Aims: The aims were to describe the food habits of adolescents with Type 1 diabetes (Type 1 DM) and to compare them with healthy control subjects; to describe the distribution of energy-providing nutrients in patients and compare it with current recommendations and previous reports; and finally, to investigate associations between dietary intake and glycaemic control.
Methods: One hundred and seventy-four adolescents with Type 1 DM and 160 age- and sex-matched healthy control subjects completed a validated food frequency questionnaire, and 38 randomly chosen patients completed a prospective 4-day food record.
Results: Patients ate more regularly, and more often ate fruit and fruit juice, potatoes and root vegetables, meat, fish, egg, offal and sugar-free sweets than control subjects. Control subjects more often ate ordinary sweets and snacks. Patients chose coarse rye bread and dairy products with less fat to a greater extent than control subjects. Patients were heavier than control subjects. The intake of saturated fat was higher in patients compared with recommendations and, for boys with diabetes, the intake of protein was higher than recommended. Patients with poorer glycaemic control ate vegetables, fruit and fish less often than patients with better control.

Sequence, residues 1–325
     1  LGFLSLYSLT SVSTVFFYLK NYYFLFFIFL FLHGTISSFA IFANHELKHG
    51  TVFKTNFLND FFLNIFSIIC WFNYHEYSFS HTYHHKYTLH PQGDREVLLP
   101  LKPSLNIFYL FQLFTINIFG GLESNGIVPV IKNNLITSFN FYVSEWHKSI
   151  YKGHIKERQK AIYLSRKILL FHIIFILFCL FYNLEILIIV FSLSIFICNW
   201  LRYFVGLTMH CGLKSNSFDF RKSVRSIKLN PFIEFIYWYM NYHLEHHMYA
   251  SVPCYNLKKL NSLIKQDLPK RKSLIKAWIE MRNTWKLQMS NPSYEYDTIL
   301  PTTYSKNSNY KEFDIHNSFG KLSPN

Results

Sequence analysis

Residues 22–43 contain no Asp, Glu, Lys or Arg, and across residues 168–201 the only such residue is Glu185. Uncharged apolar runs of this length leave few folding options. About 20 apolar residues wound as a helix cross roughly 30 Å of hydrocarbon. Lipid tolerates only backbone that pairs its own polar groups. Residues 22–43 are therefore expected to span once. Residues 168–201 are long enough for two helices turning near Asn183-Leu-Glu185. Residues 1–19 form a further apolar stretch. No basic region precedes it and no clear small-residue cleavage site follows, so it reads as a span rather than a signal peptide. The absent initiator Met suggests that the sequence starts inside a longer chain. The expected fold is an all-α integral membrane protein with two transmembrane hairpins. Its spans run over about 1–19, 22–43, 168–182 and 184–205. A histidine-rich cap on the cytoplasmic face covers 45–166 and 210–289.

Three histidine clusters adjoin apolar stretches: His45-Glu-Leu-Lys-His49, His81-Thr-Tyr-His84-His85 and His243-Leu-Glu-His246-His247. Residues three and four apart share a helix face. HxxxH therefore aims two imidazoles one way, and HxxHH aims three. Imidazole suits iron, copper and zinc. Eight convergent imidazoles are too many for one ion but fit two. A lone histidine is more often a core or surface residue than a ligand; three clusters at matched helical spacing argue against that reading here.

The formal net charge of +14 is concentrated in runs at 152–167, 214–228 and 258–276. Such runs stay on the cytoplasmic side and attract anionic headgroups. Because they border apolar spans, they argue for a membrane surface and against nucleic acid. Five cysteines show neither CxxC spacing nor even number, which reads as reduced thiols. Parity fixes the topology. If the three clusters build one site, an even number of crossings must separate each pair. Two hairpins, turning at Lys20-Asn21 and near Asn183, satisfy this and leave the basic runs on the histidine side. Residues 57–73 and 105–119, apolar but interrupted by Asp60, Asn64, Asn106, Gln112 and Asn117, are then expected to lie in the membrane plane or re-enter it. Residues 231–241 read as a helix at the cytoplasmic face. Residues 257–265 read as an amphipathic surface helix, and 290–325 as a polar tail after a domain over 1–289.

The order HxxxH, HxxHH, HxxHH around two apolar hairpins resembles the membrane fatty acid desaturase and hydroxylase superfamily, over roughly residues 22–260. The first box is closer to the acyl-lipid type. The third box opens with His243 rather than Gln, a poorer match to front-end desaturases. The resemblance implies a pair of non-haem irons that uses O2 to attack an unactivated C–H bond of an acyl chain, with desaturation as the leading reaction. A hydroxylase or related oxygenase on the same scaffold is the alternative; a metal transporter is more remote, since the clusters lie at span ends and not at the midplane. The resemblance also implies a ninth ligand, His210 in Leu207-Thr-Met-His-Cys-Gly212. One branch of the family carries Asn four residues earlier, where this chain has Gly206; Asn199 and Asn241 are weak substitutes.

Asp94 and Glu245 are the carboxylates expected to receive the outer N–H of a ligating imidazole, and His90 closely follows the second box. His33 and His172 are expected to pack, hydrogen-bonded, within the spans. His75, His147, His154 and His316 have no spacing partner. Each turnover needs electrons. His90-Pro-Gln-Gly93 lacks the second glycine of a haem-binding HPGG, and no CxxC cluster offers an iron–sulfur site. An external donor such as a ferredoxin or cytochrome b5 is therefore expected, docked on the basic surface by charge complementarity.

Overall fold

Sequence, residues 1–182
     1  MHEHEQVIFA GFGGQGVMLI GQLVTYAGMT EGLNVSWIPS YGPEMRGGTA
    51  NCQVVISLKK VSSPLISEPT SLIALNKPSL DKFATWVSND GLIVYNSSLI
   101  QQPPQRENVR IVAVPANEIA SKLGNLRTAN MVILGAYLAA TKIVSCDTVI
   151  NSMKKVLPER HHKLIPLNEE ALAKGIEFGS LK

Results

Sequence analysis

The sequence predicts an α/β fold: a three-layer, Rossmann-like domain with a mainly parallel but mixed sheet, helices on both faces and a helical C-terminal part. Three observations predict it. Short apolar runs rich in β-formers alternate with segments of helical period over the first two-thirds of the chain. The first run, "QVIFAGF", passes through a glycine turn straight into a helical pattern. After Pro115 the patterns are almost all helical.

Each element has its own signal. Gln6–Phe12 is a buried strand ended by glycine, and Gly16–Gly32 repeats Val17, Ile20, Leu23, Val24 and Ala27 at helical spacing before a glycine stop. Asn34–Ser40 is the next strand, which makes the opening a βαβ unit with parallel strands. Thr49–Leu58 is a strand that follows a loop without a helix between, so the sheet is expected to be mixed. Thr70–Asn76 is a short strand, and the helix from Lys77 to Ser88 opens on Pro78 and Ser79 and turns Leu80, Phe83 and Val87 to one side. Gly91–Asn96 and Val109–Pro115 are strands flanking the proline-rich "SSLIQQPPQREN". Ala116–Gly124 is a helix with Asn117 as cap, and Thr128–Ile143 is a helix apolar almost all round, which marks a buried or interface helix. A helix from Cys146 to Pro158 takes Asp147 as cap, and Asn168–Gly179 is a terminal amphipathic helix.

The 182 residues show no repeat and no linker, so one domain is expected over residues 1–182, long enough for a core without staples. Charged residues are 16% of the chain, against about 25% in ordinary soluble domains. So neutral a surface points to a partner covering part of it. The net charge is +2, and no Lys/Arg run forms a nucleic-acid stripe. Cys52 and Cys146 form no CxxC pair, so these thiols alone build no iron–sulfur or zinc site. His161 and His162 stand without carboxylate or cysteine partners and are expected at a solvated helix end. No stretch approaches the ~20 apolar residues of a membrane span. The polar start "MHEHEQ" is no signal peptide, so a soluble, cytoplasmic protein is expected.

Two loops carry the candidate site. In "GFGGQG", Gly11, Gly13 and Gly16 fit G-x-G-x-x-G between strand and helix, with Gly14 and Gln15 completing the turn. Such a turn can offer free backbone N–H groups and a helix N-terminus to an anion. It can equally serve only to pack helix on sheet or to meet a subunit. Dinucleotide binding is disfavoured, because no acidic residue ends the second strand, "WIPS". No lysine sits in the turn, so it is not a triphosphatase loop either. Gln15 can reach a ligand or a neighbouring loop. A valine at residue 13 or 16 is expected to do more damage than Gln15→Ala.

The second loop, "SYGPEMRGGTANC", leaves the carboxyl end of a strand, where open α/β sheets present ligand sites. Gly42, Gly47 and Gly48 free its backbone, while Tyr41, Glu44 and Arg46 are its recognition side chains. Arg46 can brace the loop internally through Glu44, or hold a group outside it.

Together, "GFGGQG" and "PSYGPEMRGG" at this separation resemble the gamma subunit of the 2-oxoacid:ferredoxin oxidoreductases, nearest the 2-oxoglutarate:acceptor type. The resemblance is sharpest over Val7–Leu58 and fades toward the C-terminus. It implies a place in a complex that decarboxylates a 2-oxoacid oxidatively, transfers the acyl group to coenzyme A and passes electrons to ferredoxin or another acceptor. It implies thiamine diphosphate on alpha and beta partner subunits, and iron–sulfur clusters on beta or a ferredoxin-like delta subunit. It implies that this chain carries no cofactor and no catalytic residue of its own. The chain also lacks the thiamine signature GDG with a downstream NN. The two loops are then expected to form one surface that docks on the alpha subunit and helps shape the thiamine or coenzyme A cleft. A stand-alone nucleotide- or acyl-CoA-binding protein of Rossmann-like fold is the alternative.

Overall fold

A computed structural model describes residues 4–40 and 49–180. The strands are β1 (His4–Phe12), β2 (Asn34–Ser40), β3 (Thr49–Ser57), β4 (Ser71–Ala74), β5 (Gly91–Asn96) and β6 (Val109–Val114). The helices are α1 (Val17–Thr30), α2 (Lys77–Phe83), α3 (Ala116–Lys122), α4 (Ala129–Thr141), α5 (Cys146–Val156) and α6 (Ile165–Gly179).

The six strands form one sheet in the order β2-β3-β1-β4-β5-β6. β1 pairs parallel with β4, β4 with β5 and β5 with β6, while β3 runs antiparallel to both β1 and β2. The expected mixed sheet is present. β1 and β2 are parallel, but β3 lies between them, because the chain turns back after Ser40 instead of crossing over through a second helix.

Conclusions: The food habits of adolescents with Type 1 DM were healthier than those of control subjects. The intake of energy-providing nutrients was in line with current recommendations and showed improvements compared with previous reports, with the exception of fibre intake. The association between dietary intake and glycaemic control needs further investigation in prospective studies.